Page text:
The most iconic orchestral movie soundtracks take you to the heart of the story in an instant. Here, we explore the best of the last forty years – including Forrest Gump, Lady Bird and Star Wars.
BEST HARRY POTTER SOUNDTRACKS
- 30 Mar
Whether you’re a Gryffindor or a Hufflepuff, a Ravenclaw or – heaven forfend – a Slytherin, the magical world of Harry Potter has a huge fandom. From the books to the films – and the spin-off Fantastic Beasts series – the Potterverse is full of adventure, thrills, fabulous imagination, intrigue, romance and friendship.
One of the main ingredients that made the films such a stand-out was their terrific soundtracks. Music for film and trailers helps to set the scene, power up your emotions and, of course, add to the magic onscreen. So, how do the Harry Potter soundtracks rank in terms of the best movie soundtracks? We’ve picked our Top 10 Harry Potter songs, and done a deep dive on the soundtracks – showcasing the composers and what their unique contributions were to the franchise.
Four different composers lent their talents to the Harry Potter soundtracks – John Williams, who scored the first three, Patrick Doyle (Harry Potter and the Goblet of Fire), Nicholas Hooper (Order of the Phoenix and The Half Blood Prince) and Alexandre Desplat, whose work brought to life the final two films (Deathly Hallows Part 1 and Part 2).
The Top 10 Harry Potter Songs
10. Lily’s Theme – Alexandre Desplat
‘Lily’s Theme’ appears in Deathly Hallows Part 2 and was written by Alexandre Desplat, who also composed the soundtrack for Deathly Hallows Part 1. He said that the theme, ‘kind of ghosts the film all along and [will] be the music thread that will take us from the beginning to the end of the film.’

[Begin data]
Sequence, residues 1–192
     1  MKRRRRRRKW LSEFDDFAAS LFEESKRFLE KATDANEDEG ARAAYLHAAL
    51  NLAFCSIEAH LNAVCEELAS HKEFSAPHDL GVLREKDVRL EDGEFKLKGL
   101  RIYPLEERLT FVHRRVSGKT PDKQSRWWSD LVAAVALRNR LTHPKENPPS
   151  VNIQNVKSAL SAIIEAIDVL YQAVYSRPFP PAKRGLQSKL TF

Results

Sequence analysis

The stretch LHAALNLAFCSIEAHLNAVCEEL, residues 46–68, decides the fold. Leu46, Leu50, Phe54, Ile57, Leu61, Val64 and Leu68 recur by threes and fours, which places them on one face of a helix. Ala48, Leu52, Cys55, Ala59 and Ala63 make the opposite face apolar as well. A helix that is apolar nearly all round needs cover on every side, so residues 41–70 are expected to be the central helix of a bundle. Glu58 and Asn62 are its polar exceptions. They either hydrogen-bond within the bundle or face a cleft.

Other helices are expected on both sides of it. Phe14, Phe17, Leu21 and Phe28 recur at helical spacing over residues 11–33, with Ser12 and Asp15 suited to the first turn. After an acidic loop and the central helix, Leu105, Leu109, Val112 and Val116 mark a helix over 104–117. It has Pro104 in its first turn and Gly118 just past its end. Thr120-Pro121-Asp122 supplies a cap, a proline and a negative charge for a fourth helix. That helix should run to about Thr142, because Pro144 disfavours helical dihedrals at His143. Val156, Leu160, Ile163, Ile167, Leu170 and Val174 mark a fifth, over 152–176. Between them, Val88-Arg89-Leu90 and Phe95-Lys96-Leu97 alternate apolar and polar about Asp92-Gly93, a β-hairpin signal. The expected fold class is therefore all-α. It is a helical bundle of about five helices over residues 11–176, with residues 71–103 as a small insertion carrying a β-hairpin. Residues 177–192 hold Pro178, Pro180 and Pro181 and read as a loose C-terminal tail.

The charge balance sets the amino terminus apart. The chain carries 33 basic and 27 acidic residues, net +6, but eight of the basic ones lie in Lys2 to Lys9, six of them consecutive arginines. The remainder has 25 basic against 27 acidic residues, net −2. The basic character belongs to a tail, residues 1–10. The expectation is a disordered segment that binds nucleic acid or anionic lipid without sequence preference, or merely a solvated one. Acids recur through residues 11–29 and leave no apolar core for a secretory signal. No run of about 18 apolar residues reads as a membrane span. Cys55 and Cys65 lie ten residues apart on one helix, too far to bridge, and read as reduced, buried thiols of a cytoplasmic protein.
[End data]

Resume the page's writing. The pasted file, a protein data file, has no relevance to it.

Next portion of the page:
The composer revealed that his goal, when writing the theme was ‘to find something as sweet and as kind as a lullaby… it’s a very simple melody that anyone can hum, child or adult, and we found this incredible singer, Mai, who has a very pure voice, almost like liquid gold. So it will haunt the film and Harry all along the last episode.’
The theme is ethereal, and plays over an opening sequence showing Snape at a window, and then segues to Harry, subtly showing that Lily – whom they both loved – links the two together.
9. Leaving Hogwarts – John Williams
‘Leaving Hogwarts’ appears at the end of the first film, The Philosopher’s Stone, and is also in the final moments of Deathly Hallows: Part 2. The first time the track appears, Harry is at Hogwarts station, leaving for the summer holidays and saying an emotional goodbye to Hagrid. The track brings in various themes from the soundtrack, including ‘Harry’s Theme’ and ‘Hedwig’s Theme’, suggesting that Harry will return to his magical world soon. Coming full circle at the end of Deathly Hallows: Part 2, it marks a poignant end to the series, as Harry and his friends send their own children off to Hogwarts…
8. Harry’s Wondrous World – John Williams
Played by a full orchestra, this is the track that opens Harry Potter and the Philosopher’s Stone. Magical and majestic, it really sets the tone for the audience’s entrance into a world of wonders. It features ‘Hedwig’s Theme’ in the first few bars, before diverging into a new theme created just for Harry. The theme is used in the closing credits of both The Philosopher’s Stone and The Chamber of Secrets. It’s both lyrical and hopeful, and full of excitement, joy and triumph, with a heroic feel.